Pubdate: Sun, 29 Oct 2000
Source: San Diego Union Tribune (CA)
Copyright: 2000 Union-Tribune Publishing Co.
Contact:  PO Box 120191, San Diego, CA, 92112-0191
Fax: (619) 293-1440
Author: Kevin B. Zeese


Re: "War on drugs leader to leave" (A-section, Oct. 17):

I realize that when a cabinet-level official leaves office there is a 
tendency to write a puff piece about him, but your story on the exit of 
drug czar Barry McCaffrey did not mention some important points from his 

The story implied that McCaffrey had turned the drug war into a treatment 
war. In fact, he increased its militarization, and did nothing to deal with 
the crises of drug-related AIDS and record overdose deaths.

Military leadership is now consistent at all levels of the drug war. There 
are more National Guard troops working on drug control than Drug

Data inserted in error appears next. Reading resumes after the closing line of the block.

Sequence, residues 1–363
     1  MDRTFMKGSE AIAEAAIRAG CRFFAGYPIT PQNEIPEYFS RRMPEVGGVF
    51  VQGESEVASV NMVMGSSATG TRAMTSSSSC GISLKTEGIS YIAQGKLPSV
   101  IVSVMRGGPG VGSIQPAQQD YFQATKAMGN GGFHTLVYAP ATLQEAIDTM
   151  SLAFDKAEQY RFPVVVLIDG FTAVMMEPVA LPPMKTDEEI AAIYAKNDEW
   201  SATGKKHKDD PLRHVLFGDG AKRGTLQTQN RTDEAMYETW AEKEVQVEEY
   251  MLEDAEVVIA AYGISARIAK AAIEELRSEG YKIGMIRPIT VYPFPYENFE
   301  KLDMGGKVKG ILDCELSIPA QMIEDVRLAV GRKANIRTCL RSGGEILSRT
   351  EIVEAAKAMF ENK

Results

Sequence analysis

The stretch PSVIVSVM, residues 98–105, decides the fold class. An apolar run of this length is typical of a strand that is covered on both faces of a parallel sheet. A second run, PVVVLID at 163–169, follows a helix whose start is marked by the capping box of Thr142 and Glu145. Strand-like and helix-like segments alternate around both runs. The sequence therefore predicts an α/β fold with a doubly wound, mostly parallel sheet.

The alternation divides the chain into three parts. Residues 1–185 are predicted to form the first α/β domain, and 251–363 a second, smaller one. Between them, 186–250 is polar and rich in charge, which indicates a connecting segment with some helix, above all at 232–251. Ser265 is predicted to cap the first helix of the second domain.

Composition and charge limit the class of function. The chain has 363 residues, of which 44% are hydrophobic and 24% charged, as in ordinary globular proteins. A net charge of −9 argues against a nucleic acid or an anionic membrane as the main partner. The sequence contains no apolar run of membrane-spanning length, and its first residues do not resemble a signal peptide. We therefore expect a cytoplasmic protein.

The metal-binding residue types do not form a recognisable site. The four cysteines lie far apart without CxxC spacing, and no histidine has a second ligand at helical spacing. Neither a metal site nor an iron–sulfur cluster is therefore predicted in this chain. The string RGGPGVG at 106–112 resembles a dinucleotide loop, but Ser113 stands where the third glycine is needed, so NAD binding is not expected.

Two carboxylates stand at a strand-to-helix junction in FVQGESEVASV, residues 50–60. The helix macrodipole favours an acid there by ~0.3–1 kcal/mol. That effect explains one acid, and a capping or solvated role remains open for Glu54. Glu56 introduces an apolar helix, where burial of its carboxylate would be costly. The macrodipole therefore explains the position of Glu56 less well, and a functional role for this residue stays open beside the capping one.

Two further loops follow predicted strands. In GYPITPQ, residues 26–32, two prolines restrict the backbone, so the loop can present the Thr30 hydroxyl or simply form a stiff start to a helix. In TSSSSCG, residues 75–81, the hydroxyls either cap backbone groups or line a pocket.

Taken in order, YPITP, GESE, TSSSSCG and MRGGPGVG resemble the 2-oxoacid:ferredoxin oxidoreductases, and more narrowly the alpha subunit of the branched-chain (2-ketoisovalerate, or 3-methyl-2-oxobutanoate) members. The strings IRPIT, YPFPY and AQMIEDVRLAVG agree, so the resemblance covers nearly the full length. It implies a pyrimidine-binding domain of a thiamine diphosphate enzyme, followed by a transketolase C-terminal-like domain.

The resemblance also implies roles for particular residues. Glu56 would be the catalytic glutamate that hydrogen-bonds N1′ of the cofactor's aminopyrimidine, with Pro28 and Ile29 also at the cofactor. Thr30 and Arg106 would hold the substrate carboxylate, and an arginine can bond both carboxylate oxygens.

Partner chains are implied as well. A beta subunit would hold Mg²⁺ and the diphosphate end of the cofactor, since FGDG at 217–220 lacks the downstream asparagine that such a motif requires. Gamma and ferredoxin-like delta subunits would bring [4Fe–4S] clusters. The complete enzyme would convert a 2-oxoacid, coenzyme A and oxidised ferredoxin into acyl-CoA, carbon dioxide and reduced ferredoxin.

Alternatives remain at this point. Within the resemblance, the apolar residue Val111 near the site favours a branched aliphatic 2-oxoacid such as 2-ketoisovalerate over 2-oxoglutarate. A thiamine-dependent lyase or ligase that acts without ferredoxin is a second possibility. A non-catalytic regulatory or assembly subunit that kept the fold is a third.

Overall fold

Enforcement Administration agents; para-military police units trained by 
the military now commonly serve drug-related search warrants; and McCaffrey 
led the charge for U.S. military action in the Colombian civil war.

During his tenure, the ratio of spending on the drug war continued to favor 
law enforcement and interdiction by a margin of 2-1. Thanks to McCaffrey's 
advocation of in-prison treatment and court-coerced treatment, voluntary 
treatment needs are still unmet. Thus, we are developing the strange 
situation where someone needs to be arrested in order to get treatment.

Despite increased availability of heroin and cocaine, prices lower than 
those in 1980 and purity reaching new records, McCaffrey claimed victory to 
the end. He took on a very difficult job, but the reality is that we are a 
less healthy society after five years of his leadership.

Kevin B. Zeese, President Common Sense For Drug Policy Falls Church, Va.
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